TCA in the environment was found to be derived from natural (in situ soil processing) and man-made sources (atmospheric deposition). At the study site there was evidence for net natural TCA production in soils and also that the majority of TCA stores in soils are not involved with external fluxes. TCA stored in foliage can have a significant effect on tree health; trees exposed to cloudwater may be more likely to be damaged by TCA uptake.
Dickey, C.A., Heal, K.V., Cape, J.N., Stidson, R.T., Reeves, N.R. and Heal, M.R. (2005). Addressing analytical uncertainties in the determination of trichloroacetic acid in soil. Journal of Environmental Monitoring, 7, 137-144.
Dickey, C.A., Heal, K.V., Stidson, R.T., Koren, R., Cape, J.N., Schröder, P. and Heal, M.R. (2004). Trichloroacetic acid cycling in Sitka spruce (Picea sitchensis) saplings and the effects on tree health following long term exposure. Environmental Pollution, 130, 165-176.
Heal, K.V., Stidson, R.T., Dickey, C.A., Cape, J.N. and Heal, M.R. (2004). New data for water losses from mature Sitka spruce plantations in temperate upland catchments. Hydrological Sciences Journal, 49, 477-493.
Stidson, R.T., Dickey, C.A., Cape, J.N., Heal, K.V. and Heal, M.R. (2004). Fluxes and reservoirs of trichloroacetic acid at a forest and moorland catchment. Environmental Science & Technology, 38, 1638-1647.
Stidson, R.T., Heal, K.V., Dickey, C.A., Cape, J.N. and Heal, M.R. (2004). Fluxes of trichloroacetic acid through a conifer forest canopy. Environmental Pollution, 132, 72-84.
Cape, J.N., Reeves, N.M., Schroder, P. and Heal, M.R. (2003). Long-term exposure of Sitka spruce seedlings to trichloroacetic acid. Environmental Science & Technology, 37, 2953-2957.
Heal, M.R., Reeves, N.M. and Cape, J.N. (2003). Atmospheric concentrations and deposition of trichloroacetic acid in Scotland: Results from a 2-year sampling campaign. Environmental Science & Technology, 37, 2627-2633.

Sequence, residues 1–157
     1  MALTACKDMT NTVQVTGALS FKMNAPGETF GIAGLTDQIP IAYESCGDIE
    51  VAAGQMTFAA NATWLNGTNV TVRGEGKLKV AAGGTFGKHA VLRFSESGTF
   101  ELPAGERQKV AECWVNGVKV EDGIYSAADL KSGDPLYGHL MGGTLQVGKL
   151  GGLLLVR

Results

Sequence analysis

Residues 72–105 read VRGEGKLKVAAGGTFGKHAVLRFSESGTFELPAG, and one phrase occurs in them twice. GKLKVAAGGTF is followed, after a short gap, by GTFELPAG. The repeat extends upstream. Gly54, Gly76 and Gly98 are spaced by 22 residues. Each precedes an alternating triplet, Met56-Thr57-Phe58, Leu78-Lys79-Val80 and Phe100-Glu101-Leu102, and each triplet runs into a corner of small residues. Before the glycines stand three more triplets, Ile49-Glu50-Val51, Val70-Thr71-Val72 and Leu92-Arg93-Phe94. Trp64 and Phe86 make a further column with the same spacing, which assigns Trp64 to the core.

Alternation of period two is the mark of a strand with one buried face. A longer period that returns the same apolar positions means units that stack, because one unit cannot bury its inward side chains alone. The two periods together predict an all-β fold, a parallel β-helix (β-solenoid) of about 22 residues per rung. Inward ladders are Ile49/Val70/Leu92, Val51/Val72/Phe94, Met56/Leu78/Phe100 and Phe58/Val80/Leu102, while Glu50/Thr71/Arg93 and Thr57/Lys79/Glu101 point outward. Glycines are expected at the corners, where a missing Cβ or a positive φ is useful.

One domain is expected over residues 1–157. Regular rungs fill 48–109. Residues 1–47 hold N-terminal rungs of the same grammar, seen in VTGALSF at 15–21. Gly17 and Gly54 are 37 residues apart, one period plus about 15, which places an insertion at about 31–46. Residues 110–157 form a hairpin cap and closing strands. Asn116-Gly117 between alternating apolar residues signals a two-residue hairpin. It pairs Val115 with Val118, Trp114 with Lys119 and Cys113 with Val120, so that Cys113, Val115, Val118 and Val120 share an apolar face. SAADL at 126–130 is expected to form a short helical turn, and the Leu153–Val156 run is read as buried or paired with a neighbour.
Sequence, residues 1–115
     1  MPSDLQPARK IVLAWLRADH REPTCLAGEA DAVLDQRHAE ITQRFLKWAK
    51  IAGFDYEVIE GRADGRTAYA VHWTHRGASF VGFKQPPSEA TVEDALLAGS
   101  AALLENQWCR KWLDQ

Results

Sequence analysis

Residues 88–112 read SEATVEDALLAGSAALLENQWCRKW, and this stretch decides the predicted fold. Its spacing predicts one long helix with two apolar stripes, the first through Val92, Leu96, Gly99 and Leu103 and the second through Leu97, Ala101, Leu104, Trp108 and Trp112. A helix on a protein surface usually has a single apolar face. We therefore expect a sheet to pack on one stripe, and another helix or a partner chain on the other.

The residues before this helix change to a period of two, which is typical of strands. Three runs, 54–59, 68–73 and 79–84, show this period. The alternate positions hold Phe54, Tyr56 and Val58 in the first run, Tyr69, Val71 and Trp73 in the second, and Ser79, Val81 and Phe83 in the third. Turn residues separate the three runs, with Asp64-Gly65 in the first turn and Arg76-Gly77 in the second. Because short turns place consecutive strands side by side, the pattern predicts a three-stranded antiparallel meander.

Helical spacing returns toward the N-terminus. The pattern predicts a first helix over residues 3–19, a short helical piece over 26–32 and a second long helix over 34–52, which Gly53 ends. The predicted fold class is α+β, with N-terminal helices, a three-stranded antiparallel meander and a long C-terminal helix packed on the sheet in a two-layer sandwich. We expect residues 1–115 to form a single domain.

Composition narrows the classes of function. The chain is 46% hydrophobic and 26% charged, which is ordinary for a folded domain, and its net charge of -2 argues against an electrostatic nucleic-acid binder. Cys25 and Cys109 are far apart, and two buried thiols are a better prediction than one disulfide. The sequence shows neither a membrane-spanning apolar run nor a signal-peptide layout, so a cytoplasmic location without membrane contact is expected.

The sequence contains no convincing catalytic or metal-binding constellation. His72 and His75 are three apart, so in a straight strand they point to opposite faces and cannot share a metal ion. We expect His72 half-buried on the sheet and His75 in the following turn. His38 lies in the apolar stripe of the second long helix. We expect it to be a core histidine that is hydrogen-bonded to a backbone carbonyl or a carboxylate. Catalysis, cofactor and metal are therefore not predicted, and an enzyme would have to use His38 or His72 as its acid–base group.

Methyl halide emissions from ecosystems
Emanuel Blei (PhD student), Catherine Hardacre (PhD student), Dr Julia Drewer (PhD student, now at Centre for Ecology and Hydrology), Dr Kate Heal, Dr Mathew Heal (School of Chemistry), Prof. Keith Smith (School of GeoSciences)
University of Edinburgh, EaStCHEM, Carnegie Trust, The University of Edinburgh Development Trust, Weir Fund
Methyl bromide and methyl chloride are trace gases involved in stratospheric ozone depletion. Whilst the anthropogenic sources of methyl bromide are well-known and regulated under the Montreal Protocol, natural sources of these gases from marine and terrestrial ecosystems are poorly characterised and quantified. Current global estimates of atmospheric methly halide losses, such as soil and ocean sinks, exceed emissions. Hence additional natural terrestrial sources may be important components of the global budget. We are conducting detailed field measurements using static flux chambers of methyl halide emissions from a range of ecosystems in the UK and overseas, including saltmarshes, temperate and tropical forests and temperate and Arctic wetlands.will be made with flux chambers in a range of terrestrial ecosystems in the UK (such as salt marshes, temperate forests and agricultural systems). Additional controlled experiments are investigating the influence of factors such as plant species, temperature, light, salinity and watertable fluctuation on CH3Br production.
Methyl bromide emissions from salt marshes showed both strong seasonal and diurnal cycles, being highest during the growing season and in the middle of the day associated with sunlight. Emissions are strongly associated with the presence of vegetation but differed considerably between different salt marsh, wetland and tree species in all ecosystems studied. Global scale-ups from our detailed datasets suggest that the current emissions for methyl halides need revising; for example, our estimate for methyl bromide emission from salt marshes is ∼10% of the figure regularly quoted in the literature.
Hardacre, C.J., Blei, E. and Heal, M.R. (2009). Growing season methyl bromide and methyl chloride fluxes at a sub-arctic wetland in Sweden. Geophysical Research Letters, 36, L12401, doi:10.1029/2009GL038277.
Drewer, J., Heal, K.V., Smith, K.A. and Heal, M.R. (2008). Methyl bromide emissions to the atmosphere from temperate woodland ecosystems. Global Change Biology, 14, 2539-2547.
Drewer, J., Heal, M.R., Heal, K.V. and Smith, K.A. (2006) Temporal and spatial variation in methyl bromide flux from a salt marsh. Geophysical Research Letters, 33, L16808, doi:10.1029/2006GL026814.